Larger alloy wheels and tire sizes have an aesthetic appeal that a lot of car buyers enjoy but there are practical disadvantages to it.
We are sure you must’ve heard that installing larger tires on your EV has signficant influence on the range and performance. Knowing the importance of choosing the right tire is anyway important, but it becomes even more critical with electric cars where range of the prime concern. Range anxiety continues to plague the mass adoption of electric cars, in addition to a lot of other factors. That is why it is of paramount importance that one optimizes the parameters that are in your hands. That is where the right tire size comes into the picture.
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Effects of Larger Tires on EV Range
Larger tires are generally of two types – bigger diameter or broader width. The latter is known as low-profile tires which we witness on performance cars often. The reason is quite simple – broader width means a larger area of contact with the ground, resulting in better grip and traction, especially under hard acceleration and around the corners. Also, tires with bigger diameter mostly are low-profile tires, but it is not necessarily always the case.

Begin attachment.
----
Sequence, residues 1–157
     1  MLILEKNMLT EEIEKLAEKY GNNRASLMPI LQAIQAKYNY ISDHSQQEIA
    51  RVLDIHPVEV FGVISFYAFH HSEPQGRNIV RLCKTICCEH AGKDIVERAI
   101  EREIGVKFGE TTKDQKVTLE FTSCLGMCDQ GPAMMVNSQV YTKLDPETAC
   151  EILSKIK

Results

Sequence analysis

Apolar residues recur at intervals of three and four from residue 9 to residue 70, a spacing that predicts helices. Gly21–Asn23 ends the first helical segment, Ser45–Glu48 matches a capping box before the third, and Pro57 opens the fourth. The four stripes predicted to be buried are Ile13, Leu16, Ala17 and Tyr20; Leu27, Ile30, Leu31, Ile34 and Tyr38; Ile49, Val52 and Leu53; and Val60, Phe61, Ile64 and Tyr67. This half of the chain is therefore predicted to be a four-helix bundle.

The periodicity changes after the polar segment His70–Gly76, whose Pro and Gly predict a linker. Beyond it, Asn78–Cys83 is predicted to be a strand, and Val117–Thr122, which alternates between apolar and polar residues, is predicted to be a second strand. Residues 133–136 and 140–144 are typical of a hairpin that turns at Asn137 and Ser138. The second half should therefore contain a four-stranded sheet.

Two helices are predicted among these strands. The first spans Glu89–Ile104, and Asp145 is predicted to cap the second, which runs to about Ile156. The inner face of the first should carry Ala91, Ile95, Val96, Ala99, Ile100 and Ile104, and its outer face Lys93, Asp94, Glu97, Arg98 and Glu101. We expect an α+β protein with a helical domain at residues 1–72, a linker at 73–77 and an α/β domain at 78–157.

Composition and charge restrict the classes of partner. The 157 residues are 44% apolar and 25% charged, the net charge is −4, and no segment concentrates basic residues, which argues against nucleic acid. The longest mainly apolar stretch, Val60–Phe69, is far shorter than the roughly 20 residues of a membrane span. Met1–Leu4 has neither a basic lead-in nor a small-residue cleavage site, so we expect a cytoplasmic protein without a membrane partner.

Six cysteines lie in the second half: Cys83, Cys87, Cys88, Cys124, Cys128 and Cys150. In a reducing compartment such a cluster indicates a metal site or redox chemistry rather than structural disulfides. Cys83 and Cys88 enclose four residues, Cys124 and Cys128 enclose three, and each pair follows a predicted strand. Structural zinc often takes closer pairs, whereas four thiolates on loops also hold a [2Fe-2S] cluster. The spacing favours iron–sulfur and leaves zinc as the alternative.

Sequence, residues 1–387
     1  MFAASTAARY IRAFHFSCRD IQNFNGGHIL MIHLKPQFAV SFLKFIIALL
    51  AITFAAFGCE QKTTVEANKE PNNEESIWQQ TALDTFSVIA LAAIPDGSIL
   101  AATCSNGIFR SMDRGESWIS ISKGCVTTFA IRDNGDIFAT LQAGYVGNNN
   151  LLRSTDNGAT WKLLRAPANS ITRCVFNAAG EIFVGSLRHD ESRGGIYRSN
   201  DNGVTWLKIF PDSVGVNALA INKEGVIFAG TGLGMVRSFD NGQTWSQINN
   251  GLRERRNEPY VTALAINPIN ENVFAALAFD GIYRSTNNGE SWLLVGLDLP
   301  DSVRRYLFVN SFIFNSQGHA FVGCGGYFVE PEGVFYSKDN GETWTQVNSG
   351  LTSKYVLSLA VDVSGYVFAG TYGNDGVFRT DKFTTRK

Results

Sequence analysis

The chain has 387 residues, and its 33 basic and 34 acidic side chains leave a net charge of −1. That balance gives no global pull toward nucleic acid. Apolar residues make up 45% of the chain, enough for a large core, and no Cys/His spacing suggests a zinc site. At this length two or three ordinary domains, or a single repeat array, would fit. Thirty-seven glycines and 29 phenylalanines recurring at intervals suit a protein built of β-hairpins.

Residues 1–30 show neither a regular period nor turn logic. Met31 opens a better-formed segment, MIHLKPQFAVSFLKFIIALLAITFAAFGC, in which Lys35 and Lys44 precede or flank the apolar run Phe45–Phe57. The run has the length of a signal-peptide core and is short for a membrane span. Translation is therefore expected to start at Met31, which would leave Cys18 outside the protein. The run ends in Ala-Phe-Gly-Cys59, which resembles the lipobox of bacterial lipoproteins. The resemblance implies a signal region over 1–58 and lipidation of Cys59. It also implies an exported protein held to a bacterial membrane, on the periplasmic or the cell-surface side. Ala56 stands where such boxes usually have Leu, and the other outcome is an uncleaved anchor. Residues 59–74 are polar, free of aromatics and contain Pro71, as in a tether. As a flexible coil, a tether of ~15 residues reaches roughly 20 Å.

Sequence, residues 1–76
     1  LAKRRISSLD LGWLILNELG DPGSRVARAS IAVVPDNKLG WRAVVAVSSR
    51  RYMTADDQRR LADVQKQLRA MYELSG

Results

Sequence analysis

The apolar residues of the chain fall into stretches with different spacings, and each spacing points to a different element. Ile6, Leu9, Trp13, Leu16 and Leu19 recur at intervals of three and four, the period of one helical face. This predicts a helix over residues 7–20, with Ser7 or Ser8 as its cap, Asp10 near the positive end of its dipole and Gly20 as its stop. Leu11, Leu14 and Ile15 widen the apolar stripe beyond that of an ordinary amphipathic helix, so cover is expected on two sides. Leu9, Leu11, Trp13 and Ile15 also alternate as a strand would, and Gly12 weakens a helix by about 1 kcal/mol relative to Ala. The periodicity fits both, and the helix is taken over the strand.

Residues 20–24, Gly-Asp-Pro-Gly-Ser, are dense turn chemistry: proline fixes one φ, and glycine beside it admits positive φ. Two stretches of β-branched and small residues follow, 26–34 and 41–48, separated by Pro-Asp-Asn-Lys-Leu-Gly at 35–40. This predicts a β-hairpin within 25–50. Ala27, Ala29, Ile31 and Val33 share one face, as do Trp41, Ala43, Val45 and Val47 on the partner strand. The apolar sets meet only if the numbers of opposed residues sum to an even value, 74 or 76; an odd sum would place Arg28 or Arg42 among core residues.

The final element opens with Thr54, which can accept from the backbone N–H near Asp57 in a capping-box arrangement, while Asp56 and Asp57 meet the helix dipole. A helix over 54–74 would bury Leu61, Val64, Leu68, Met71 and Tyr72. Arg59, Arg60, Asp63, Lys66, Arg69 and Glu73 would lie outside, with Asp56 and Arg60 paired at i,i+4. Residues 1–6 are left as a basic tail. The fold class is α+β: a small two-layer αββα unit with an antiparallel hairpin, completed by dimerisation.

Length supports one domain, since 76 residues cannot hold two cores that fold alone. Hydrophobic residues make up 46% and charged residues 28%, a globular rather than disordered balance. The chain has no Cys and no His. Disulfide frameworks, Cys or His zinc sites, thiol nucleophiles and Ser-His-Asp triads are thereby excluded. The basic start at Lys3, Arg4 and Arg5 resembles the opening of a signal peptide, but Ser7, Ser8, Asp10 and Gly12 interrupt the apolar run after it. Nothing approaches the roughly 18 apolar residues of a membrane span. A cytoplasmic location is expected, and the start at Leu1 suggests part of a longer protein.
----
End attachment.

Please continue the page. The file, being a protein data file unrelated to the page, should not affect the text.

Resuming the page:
Now, the drag coefficient of resistance of an electric car depends on the frontal area of the car, in addition to many other factors. When the tires are broader, the frontal area of the car increases, increasing the resistance to motion. Hence, more energy is needed to move the EV. Also, larger tires are heavier. This means that more sprung mass is added for the powertrain to pull. Hence, the range is reduced and so is the performance.
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Tesla Model 3 – 19″ vs 18″ Wheels
For Tesla Model 3 Long Range version, the official EPA-estimated range with 19″ wheels is 315 mi, whereas, with 18″ wheels, it is 333 mi. This is a difference of around 5% just because of the tire size. When you are perilously low on juice on a highway, a difference of 18 mi could be a lot.
EV vs Non-EV Tires
Another relevant aspect while going for new tires is whether or not these are designed for EVs. One might think of saving some dollars by getting a similar-looking non-EV tire. Well, there are tiny details when it comes to tires that most car owners can easily overlook. That could lead to a significant altercation to some aspects of your car. These include things like tire noise, durability, rolling resistance, efficiency, performance, braking and more. Remember, there is no such thing as a perfect tire.
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There are always trade-offs. The carmaker chooses the right tire size after a lot of research to strike a balance between all aforementioned factors. Therefore, sticking to the OE tire might be the best option. Alternatively, you must approach a professional and understand the pros and cons, in case you wish to get new tires. Having trade-offs is not necessarily a bad thing if you are willing to make that compromise.